On July 12, 2022, Israel’s High Court of Justice dismissed petitions to invalidate the operation of Israel’s biometric database. The biometric database was established in accordance with the Inclusion of Biometric Means of Identification and Biometric Identification Data in Identification Documents and in a Database Law, 5770-2010, as amended. This law authorizes collecting biometric identification items from Israeli residents and generating biometric identification data from the items in order to issue identification documents. The law further provides for the mandatory preservation of facial images and biometric data in a special biometric database and enables temporarily preserving the fingerprints of residents who give their consent to this. (HCJ 1946/17 Zaidan et al. v. Israel’s Government et al., State of Israel: The Judicial Authority.)
According to the petitioners, the establishment of the biometric database was intended to prevent criminals from attempting to gain a different or an additional identity (double acquisition) in order to commit various fraud offenses. They argued that it was not clear whether double acquisition posed a real or significant problem that had to be addressed. Moreover, the violation of privacy rights that may result from a leak or theft of information from the biometric database may be enormous.
The court noted that the petitioners’ main arguments centered on a concern for a potential infringement of a fundamental right rather than an actual infringement. The court determined that the petitioners had failed to lay the factual groundwork that could justify “the exceptional remedy of repeal of legislation.” It was difficult to evaluate the alleged harm resulting from operating the biometric database at a time when millions of Israelis still hold nonbiometric identification documents, the court stated. Materials submitted to the court indicate that Israel is expected to transition to fully biometric identification documents by 2024. In the view of the court, the petitioners’ concerns might better be assessed once this has occurred.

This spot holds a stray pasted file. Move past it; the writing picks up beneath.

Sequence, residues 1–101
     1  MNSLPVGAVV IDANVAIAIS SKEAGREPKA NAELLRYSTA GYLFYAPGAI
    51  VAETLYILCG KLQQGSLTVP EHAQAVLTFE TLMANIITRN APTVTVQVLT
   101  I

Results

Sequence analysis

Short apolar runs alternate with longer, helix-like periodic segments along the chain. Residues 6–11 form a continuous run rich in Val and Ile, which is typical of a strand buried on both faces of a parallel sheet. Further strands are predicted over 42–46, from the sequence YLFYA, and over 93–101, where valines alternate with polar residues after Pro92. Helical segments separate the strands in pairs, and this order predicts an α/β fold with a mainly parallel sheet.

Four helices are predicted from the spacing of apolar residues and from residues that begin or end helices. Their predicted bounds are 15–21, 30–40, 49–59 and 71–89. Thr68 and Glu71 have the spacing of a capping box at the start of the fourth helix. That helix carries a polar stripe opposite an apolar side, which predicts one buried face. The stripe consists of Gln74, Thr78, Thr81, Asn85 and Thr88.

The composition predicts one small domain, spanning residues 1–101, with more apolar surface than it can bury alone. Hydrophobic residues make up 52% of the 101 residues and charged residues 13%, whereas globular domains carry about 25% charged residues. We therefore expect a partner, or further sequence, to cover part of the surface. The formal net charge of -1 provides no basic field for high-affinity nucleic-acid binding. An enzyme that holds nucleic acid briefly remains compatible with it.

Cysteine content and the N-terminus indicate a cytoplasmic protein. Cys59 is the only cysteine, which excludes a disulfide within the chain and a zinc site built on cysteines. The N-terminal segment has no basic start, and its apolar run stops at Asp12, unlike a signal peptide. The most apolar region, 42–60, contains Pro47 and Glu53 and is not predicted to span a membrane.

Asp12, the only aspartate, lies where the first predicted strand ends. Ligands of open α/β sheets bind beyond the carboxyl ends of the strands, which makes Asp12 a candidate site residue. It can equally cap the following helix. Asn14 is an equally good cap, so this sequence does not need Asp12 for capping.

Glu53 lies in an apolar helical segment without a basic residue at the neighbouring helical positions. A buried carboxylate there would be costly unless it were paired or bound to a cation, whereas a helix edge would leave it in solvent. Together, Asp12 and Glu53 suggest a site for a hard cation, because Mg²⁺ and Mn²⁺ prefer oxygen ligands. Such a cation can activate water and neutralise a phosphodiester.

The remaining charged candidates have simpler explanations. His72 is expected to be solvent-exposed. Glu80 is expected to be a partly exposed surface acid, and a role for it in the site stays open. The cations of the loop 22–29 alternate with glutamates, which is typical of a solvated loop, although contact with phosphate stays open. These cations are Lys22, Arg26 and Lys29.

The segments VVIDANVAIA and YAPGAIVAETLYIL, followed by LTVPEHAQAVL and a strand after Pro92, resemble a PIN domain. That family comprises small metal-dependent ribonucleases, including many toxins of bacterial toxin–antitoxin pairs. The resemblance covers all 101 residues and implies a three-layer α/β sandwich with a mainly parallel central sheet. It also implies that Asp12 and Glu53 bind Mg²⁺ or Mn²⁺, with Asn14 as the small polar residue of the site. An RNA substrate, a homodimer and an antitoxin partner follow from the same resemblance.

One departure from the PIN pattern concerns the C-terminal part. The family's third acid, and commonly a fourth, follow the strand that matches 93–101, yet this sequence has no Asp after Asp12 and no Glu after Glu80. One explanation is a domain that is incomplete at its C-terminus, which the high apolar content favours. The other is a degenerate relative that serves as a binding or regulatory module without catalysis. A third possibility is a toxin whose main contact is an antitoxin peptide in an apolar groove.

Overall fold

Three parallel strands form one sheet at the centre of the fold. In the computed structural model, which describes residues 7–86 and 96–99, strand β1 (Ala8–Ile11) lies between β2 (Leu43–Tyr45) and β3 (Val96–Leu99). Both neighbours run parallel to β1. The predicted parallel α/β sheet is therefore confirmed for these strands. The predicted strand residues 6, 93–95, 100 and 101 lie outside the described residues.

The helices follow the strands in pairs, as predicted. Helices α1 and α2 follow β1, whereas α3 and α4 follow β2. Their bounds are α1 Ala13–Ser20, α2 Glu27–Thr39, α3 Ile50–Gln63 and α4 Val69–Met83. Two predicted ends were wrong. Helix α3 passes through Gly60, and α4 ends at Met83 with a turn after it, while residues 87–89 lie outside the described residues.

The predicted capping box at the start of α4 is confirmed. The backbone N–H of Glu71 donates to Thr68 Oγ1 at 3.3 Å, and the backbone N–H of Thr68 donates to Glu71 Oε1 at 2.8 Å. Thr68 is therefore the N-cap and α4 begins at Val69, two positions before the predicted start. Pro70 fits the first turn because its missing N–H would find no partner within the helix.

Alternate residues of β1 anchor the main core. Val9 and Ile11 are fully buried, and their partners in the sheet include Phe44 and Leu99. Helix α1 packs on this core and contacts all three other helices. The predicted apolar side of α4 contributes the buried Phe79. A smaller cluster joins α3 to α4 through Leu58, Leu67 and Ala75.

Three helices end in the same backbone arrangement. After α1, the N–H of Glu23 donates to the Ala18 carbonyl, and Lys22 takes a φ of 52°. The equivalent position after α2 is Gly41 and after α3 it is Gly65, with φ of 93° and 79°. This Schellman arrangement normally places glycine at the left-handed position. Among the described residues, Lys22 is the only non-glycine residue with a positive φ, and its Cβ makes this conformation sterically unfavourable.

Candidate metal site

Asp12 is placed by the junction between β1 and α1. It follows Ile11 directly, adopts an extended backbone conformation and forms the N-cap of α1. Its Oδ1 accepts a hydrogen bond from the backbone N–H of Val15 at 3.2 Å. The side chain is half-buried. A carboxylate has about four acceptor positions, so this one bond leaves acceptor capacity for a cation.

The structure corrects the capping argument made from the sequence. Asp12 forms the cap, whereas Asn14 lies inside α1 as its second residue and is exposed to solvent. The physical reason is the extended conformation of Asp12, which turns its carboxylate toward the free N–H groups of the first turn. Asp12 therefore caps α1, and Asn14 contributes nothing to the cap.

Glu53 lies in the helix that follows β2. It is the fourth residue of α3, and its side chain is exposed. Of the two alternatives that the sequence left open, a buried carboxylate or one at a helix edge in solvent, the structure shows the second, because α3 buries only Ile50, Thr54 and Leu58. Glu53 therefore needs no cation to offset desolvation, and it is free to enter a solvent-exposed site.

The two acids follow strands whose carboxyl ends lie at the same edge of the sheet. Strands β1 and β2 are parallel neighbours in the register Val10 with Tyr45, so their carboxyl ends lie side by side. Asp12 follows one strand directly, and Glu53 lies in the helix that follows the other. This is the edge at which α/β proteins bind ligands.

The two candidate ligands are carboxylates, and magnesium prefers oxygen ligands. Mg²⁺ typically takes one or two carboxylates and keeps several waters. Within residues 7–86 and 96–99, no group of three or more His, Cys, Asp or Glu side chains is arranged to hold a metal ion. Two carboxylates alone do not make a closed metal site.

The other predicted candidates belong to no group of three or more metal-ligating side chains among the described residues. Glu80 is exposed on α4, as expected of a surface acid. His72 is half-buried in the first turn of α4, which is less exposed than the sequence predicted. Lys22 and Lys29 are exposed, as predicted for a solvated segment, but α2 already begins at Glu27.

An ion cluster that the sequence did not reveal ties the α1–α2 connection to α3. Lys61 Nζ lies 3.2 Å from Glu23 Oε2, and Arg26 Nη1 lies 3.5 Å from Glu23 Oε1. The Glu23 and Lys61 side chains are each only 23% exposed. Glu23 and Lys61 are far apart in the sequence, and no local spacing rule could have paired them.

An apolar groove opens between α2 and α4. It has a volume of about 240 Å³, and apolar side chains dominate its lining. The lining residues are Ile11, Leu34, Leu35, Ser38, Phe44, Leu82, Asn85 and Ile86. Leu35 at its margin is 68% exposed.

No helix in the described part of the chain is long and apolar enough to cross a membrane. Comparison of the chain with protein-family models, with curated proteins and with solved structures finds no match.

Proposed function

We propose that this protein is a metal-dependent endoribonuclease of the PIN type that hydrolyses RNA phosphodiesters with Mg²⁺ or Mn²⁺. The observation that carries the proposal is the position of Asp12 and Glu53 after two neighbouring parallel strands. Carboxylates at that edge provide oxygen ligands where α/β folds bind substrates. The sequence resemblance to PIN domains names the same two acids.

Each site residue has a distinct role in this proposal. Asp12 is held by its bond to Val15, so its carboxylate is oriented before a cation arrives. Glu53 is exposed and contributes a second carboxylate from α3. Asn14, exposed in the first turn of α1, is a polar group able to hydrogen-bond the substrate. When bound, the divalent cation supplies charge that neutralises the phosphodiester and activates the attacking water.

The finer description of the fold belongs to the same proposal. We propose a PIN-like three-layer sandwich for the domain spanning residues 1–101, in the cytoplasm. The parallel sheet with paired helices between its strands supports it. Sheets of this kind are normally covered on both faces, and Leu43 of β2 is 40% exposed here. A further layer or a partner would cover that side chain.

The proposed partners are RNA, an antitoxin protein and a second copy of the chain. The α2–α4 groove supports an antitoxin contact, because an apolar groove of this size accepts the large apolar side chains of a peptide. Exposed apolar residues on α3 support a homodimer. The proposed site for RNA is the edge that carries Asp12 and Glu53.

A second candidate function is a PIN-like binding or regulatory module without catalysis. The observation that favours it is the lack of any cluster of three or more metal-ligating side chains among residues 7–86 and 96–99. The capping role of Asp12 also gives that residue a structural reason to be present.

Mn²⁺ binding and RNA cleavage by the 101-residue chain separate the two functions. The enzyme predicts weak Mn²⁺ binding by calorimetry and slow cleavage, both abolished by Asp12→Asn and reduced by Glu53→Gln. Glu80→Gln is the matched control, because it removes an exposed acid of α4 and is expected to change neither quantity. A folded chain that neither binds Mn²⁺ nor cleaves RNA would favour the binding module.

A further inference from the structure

Considering that some of the arguments presented by the petitioners were either moot or premature and that the technological issues involved were subject to complex and fast-paced changes, the court decided not to reject the petitions but rather to dismiss them. This decision means that the parties retain the right to make their arguments again in the future, taking into account new developments in technology and the law’s implementation by the relevant authorities.
Ruth Levush, Law Library of Congress
November 3, 2022
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